05/01/17

EXPERT’S GUIDE TO MIKING DRUM A KIT

How to mic a drum kit

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A drum kit is a focus piece in many musical performances. Unfortunately it can be difficult to mic optimally because of its size and complexity.
Each individual element of the kit has its own unique sound to capture, yet at the same time the proximity of the instruments creates a lot of bleed. If you want to get the most out of your drum kit you need to pick the right mics – ones that dampen off-axis sound and handle high-SPL – and position them correctly.

Move further into the world of close-miking drums kits with our Mic University articles and videos.

 

HOW TO MIC A SNARE DRUM

The snare drum consists of several large sound sources.

The batter (top) head produces the main tone and overtones. The rim, which is often played by itself (e.g. cross stick) or together with the batter head, produces a so called rim shot. And if the drummer is using brushes, the entire surface of the drumhead is played. The snare (bottom) head with the snares strained over.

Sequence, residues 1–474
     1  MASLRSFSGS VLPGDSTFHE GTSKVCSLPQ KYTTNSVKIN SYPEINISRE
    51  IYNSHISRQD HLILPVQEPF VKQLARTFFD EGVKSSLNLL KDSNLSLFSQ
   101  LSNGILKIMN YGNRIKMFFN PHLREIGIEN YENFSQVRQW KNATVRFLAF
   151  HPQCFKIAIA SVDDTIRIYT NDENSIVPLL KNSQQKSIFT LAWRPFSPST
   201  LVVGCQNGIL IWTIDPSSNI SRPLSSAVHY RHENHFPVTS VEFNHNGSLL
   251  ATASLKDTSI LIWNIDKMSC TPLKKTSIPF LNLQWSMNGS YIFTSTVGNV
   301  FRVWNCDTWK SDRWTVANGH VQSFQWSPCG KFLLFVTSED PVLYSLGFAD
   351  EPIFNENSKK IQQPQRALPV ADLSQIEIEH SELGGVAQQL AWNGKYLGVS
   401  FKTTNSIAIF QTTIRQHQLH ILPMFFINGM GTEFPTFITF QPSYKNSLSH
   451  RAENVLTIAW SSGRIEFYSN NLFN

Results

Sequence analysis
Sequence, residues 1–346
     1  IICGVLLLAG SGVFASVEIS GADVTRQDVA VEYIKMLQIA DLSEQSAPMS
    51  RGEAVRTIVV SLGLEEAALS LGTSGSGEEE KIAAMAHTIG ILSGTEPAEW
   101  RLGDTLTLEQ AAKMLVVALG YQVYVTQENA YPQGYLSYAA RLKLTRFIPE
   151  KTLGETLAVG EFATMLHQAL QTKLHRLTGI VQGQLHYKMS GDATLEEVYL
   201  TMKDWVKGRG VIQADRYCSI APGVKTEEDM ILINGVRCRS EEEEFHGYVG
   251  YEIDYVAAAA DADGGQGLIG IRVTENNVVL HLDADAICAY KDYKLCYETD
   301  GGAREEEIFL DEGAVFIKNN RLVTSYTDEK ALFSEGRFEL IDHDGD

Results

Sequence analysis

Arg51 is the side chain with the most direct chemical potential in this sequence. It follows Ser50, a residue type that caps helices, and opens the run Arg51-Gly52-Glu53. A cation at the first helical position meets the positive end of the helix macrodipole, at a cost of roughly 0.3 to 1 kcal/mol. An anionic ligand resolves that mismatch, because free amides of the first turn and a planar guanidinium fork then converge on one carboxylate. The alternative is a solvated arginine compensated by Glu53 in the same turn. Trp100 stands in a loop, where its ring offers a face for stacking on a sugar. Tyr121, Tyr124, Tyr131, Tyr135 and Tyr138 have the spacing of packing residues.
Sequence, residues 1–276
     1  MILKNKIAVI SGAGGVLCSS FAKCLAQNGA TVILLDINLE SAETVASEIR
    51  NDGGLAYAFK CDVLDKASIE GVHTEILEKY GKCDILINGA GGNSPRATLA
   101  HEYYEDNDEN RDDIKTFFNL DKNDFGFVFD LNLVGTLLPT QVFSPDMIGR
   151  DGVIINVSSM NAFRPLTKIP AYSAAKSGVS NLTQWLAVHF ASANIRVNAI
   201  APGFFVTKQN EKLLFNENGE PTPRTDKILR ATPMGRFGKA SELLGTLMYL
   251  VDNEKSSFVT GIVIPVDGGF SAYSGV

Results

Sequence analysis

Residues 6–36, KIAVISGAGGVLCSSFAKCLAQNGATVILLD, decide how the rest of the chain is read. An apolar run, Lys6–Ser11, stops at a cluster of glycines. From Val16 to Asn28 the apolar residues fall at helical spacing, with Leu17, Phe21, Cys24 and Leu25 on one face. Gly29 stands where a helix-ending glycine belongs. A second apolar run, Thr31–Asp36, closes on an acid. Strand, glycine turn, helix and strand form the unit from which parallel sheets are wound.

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HOW TO MIC A BASS DRUM

The bass (kick) drum is the largest sound source of the entire drum kit and also the one with the lowest frequencies.

The sound of the bass drums differs a lot with the drummer’s choice of size, heads, tuning, muffling and whether or not there is a hole in the front head. Typically, a more jazz-oriented drummer will choose a smaller size (down to 18" or smaller), thin heads and high-pitch tuning.

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HOW TO MIC A HI-HAT & CYMBALS

 The hi-hat is a combination of two cymbals and is played either with the left foot or with the sticks, brushes or mallets. Originally the hi-hat (also called sock cymbal) was positioned very low (30 cm above the ground) and only played with the foot, playing the role of the orchestral or marching band style cymbals.

The two cymbals are rarely of the same sort – their thickness and weight is usually different.

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HOW TO MIC TOM-TOMS

The toms can be miked in the same way as the snare, but toms can have different roles in different music styles and some considerations and genre aesthetics are appropriate.

For jazz it is common not to use toms at all and only get the drum sound balance with accurately placed overhead mics and maybe a bass drum and snare drum mic, whereas as pop and rock drum sound requires a closer miking technique to achieve very isolated tom signals to process individually.

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HOW TO MIC A DRUM KIT

For a quick overview with som great advice, read this article on miking drums.

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EXPLORE FURTHER

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